Tira and Hod Hasharon lie about 20km north of Tel Aviv and 8km inland. Tira became part of Israel as a result of the Rhodes Agreement of 1949. It's population of 22,000 is Sunni Muslim. Hod Hasharon is a Jewish town which evolved from the merging of several smaller agricultural municipalities. Both communinities' livelihood was originally centered on agriculture. Tira's farmers were the first in Israel to begin commercially growing strawberries, and Hod Hasharon was well known for growing citrus. Today, many of Tira's residents are employed by the state in the Ministry of Education, while Hod Hasharon has shifted to light industry and high tech.

The Schools

The El Najach school in Tira has 830 students from kindergarten to 6th grade (12 yrs. old). Arabic is the language of instruction, but students begin learning Hebrew from the second grade, and English from third grade. The school follows the national curriculum in all areas, except for special programs such as the religion of Islam. About half of the 42 faculty members hold Bachelor Degrees, and several hold Masters and Doctorate degrees. The school houses a computer lab, a science lab, a library, a technology room and has its own "mini" soccer pitch.


Sports Day - El Najach

The Democratic School - Hod Hasharon

The Domocratic School of Hod Hasharon was established in 2001 by a group of parents interested in exploring an education founded on democratic values. With a director and staff of 16 educators, the school serves about 115 students from the ages of 5 to 12. Much emphasis is placed on promoting social justice and egalitarian principles, as well as respect for others and for the natural environment. The school benefits from the strong involvement of staff, students, parents and community members, which allows the students to experience life in a community in which the individual rights of every member are respected and valued.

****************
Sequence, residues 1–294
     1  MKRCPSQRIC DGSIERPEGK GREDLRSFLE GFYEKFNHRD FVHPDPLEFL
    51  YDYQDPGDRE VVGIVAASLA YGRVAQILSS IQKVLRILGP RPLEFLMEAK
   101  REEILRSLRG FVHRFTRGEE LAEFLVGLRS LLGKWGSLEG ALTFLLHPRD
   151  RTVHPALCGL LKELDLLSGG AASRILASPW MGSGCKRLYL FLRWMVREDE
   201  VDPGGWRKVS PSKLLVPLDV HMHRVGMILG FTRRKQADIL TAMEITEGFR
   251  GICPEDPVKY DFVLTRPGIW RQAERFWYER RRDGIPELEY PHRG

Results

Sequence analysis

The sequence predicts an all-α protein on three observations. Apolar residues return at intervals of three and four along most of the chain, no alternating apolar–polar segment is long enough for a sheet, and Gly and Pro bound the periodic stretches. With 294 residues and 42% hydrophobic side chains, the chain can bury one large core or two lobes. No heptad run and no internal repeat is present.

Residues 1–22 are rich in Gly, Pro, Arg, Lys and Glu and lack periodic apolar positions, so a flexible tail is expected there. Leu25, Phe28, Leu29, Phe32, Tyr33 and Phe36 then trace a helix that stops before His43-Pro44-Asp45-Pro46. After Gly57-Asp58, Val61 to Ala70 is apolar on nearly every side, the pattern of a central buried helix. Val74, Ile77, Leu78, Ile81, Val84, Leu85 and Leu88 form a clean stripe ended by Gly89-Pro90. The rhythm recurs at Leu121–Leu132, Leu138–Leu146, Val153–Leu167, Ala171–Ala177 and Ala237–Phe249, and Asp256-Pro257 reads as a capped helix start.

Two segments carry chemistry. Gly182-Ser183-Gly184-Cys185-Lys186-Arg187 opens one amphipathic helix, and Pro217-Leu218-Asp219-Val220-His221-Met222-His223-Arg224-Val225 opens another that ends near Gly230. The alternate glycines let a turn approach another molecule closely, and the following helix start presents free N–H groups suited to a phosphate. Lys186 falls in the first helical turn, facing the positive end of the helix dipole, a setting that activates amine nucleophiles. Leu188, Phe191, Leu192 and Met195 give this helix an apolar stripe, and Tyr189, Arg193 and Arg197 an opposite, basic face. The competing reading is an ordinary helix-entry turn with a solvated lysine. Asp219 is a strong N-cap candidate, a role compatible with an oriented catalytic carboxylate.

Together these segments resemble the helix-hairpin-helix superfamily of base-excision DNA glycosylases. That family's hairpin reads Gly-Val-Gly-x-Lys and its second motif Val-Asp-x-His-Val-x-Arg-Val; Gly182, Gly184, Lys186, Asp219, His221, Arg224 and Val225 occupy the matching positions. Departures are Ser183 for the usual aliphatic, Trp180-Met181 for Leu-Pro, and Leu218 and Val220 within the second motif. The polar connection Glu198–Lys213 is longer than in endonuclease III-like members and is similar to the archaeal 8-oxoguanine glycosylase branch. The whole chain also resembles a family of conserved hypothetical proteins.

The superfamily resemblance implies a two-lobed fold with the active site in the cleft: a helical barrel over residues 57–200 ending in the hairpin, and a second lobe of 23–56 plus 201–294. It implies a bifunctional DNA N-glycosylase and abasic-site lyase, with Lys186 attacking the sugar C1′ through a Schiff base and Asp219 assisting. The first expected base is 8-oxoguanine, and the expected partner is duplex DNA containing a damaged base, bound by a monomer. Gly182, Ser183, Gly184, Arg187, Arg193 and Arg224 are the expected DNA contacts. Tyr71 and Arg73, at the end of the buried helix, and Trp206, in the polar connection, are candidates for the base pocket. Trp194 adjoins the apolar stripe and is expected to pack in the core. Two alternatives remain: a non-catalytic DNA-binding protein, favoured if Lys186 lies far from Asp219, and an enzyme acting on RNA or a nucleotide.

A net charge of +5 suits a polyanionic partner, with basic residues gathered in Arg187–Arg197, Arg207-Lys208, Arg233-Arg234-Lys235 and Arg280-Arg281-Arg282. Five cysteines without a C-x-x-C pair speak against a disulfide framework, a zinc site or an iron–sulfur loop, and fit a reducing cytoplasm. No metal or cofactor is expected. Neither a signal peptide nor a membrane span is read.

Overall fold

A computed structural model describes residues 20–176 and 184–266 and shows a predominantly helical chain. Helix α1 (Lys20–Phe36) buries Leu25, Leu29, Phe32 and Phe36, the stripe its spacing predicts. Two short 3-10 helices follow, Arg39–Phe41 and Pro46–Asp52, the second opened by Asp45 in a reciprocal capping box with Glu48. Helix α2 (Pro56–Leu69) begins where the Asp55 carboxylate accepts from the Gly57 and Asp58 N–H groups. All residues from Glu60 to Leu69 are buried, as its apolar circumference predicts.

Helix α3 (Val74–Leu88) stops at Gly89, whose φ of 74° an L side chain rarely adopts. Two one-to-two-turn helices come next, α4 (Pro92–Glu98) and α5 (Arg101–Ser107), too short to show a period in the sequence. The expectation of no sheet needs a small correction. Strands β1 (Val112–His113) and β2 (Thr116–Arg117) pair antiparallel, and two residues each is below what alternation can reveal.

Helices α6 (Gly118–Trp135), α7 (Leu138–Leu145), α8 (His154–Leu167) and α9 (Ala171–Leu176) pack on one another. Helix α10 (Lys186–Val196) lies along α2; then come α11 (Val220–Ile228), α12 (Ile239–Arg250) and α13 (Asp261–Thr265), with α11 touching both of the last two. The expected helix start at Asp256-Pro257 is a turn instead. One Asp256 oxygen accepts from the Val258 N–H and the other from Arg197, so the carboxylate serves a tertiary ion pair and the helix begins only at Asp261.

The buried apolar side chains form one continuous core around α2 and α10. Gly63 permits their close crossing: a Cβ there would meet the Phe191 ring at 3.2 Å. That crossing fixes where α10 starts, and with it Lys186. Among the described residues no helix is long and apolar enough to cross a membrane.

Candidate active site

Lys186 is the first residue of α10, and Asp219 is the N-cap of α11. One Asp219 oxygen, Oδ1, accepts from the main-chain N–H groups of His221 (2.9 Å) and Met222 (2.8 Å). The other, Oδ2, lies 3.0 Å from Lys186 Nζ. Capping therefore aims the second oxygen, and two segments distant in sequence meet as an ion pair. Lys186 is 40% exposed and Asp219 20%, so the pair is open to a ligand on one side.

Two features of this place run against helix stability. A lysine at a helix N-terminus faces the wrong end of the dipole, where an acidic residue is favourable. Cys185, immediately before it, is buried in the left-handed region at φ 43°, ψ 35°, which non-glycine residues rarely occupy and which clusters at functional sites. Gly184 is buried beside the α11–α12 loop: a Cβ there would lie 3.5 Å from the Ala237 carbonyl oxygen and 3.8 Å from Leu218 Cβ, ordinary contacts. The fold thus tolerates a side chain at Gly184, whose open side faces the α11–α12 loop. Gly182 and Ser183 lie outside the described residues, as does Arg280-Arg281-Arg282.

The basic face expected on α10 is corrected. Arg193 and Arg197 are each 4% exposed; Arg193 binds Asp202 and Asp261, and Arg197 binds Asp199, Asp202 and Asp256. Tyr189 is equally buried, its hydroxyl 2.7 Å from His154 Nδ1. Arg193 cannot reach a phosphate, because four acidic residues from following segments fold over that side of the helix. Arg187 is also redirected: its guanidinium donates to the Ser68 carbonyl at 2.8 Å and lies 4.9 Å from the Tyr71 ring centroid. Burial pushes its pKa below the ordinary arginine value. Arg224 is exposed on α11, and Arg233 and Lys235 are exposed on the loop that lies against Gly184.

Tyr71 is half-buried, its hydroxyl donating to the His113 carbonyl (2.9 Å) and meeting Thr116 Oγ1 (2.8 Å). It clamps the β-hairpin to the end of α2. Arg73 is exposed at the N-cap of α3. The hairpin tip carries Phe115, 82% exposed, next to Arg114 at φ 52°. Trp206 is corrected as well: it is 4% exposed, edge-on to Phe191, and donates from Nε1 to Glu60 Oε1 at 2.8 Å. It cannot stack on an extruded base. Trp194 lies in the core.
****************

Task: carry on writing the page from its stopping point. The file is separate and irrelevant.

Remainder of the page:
Before the Ukuleles for Peace program was introduced, there were virtually no communal or social ties between the communities of Tira and Hod Hasharon. Since the start of the program, however, contacts between the two have begun to develop on a number of levels.

At the most fundamental level is the orchestra itself. The children and some parents meet to rehearse and travel to performances together. Here, the children in particular began to form friendships, which lead to birthday party invitations, play dates and other social outings. The orchestra has held several picnics at which families have begun to interact and get to know one another.

The next level up involves the two schools. Three teachers at each school have taken the lead in bringing the two groups together. Special programs have been introduced around the Ukuleles for Peace project, such as parties in each town where the orchestra performs; events focused on learning about and celebrating one another's holidays and cultures; and a special class in Arabic, requested by the Jewish students at Hod Hasharon, and taught by the Head Master from El Najach school. These programs are involving students from both schools who are not part of the orchestra, thus widening the circle of contacts and furthering the mission of Ukuleles for Peace. Other programs--including a collaborative art project--are being planned.

In addition to participation in the Ukuleles for Peace program, the El Najach students participate in aother coexistence program through the Israeli Ministry of Education. The "Coexistence Forum" facilitates partnerships between Arab and Jewish schools. The El Najach school has invited Hod Hasharon Democratic school to be its partner in the Forum.


Our first joint family picnic


Joint celebration of Ramadan


Joint celebration of Shavuot

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